First Presbyterian Church Orange marks anniversaries this year
One hundred and thirty years ago, a small group of citizens in the town of Orange made a move that would affect local history. They started a Presbyterian church.
Today, the grand granite building of First Presbyterian Church on Green Avenue is one of Orange’s famous landmarks. But a church is a congregation, not a building. And the roots of First Presbyterian reach back to March and April of 1878.
In addition to the founding of the church congregation, 2008 is marking another anniversary of the church. Construction on the granite building with its stained glass windows began in 1908, 100 years ago, though the building was not completed and dedicated until 1912.
Even with the long history, the church has an active congregation with regular services and activities. On Sunday, March 30, at 5 p.m., a special healing service will be held in the sanctuary at 902 Green Ave. Anyone is invited to participate to ask for special prayers and blessings of healing.
A newspaper article by Sheila Beeson from a 1978 Opportunity Valley News outlined the history of the local church.
Residents in Orange asked the Presbytery of Eastern Texas for an evangelist to help organize a local church. On March 30, 1878, Dr. W.H. Vernon arrived in town, followed on April 3 by Dr. R.H. Byers. Nine citizens met with the two men and then petitioned the Presbytery to establish a church in Orange.
The nine people were D.M.K. McLeod, D.C. Hewson, S.H. Levingston, Mrs. A. Lawrence, Mrs. Myrtie Lee, J.M. Speake, Mrs. Jessie B. Latchem, and Misses M.M. Lutcher and C.L. Lutcher.
Miss Miriam Lutcher and Miss Carrie Lutcher had moved to Orange a few months earlier with their parents, Henry Jacob and Frances Ann Lutcher. Mr. Lutcher was the founder and co-owner of the Lutcher and Moore Lumber Co., which would end up with extensive timber holdings in Texas and Louisiana.
Mrs. Lutcher went on to build the grand church building named as the Lutcher Memorial in honor of her husband.
But in 1878, thoughts of an elaborate building were far from the minds of the local citizens. First, they needed a church.
McLeod was chosen as ruling elder. Dr. Vernon was the spiritual leader of the new church until 1880.
For a number of years, the Presbyterians met in a classic American-style white, wood-frame church building with a steeple. The building was by the Sabine River at Market and Polk streets. It was dedicated on July 1, 1883 with Rev. R.H. Head serving as pastor.
In the early years, ministers included the Rev. J.M. Cochran in 1886, Rev. J.G. Henderson in 1889, Rev. H. Petry in 1891, Dr. M.L. Frierson in 1892, Rev. W.J. Sechrest in 1895, and Dr. T.J. Horne in 1897.
But it was Rev. Ewell Travis Drake who became an institution at the church, serving as pastor for some 40 years, beginning in 1907.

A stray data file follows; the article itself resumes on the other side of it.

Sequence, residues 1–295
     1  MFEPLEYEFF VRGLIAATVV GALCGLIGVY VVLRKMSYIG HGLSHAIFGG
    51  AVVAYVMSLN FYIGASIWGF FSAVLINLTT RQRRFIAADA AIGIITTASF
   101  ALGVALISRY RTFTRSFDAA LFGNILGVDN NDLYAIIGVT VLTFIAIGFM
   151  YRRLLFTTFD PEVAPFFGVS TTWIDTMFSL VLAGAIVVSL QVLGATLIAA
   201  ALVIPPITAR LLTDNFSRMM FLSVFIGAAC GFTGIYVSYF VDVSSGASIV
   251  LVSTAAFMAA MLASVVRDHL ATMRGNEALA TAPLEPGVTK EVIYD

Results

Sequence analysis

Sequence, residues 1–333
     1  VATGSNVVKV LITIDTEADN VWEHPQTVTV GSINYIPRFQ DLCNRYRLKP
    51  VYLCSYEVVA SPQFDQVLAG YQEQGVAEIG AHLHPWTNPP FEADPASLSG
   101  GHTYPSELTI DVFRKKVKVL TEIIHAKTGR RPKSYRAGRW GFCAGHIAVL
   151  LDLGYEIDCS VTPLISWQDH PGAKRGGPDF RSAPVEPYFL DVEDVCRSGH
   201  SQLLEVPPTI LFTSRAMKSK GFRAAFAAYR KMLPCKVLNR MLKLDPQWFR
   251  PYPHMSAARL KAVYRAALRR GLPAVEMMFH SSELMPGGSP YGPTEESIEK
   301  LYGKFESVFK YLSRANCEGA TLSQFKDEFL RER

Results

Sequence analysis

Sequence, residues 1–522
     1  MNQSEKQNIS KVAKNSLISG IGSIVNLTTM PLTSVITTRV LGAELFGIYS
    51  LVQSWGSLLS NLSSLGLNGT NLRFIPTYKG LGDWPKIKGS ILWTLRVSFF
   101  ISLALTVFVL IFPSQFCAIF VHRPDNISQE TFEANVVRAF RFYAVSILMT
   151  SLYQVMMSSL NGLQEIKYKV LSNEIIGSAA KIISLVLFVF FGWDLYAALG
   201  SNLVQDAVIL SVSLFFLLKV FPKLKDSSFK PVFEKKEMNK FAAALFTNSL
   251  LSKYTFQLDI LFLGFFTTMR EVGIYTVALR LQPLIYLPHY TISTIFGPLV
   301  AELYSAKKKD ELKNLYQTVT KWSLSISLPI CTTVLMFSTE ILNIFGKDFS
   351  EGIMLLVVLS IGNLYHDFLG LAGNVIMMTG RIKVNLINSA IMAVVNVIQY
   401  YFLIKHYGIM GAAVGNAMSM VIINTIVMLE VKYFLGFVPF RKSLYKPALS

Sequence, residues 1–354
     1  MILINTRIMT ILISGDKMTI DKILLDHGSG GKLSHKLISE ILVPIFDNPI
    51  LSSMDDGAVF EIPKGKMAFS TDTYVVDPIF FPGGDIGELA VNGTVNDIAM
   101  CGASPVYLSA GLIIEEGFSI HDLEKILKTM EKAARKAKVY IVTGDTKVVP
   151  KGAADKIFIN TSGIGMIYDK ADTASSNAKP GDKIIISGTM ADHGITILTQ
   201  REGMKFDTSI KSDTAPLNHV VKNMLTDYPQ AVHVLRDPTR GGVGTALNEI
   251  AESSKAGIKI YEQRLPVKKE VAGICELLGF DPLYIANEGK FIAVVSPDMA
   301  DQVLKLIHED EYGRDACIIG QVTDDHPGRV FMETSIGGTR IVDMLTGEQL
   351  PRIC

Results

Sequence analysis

By that time, plans for the ornate building were underway. Mrs. Lutcher was inspired to build the church at the Chicago Columbian Exposition (world’s fair) in 1893. She attended with her daughters, Mrs. William (Miriam) Stark and Mrs. Edgar (Carrie) Brown Sr.
Mrs. Lutcher bought three prize-winning stained glass windows from the J &R Lamb Studios in New York. She later had the granite and marble building designed by architect Oliver Hogg in Kansas City. The building was in the Greek revival style made popular at the 1893 world’s fair.
Lamb Studios designed the interior with its artwork of opalescent stained-glass windows, mosaics, and paintings. A dome of 16 stained-glass angels topped the sanctuary on the second floor of the building. The stained-glass was topped with a copper dome in 1957 as protection against weather. However, Hurricane Rita in 2005 blew the copper off, damaging some of the stained glass and bringing water damage indoors.
The building was reported to be the first public air conditioned building in the world, though those reports have been modified through the years. But Mrs. Lutcher had to build a separate power plant behind the church to supply enough power to operate the Carrier air-conditioning system.
The “power house” is still used by the church as meeting and activity rooms.
First Presbyterian began a missionary church in 1917 and built a chapel at the corner of 15th and Burton streets. That church evolved into Drake Memorial Presbyterian Church, named in honor of the minister.
Also, First Presbyterian started a missionary church at the Orange oil field during the boom which began in 1921. The church in Orangefield was known as “The Hut.”
And as First Presbyterian continues today, with the Rev. Margaret Desmond serving as interim minister, more history is planned for the future.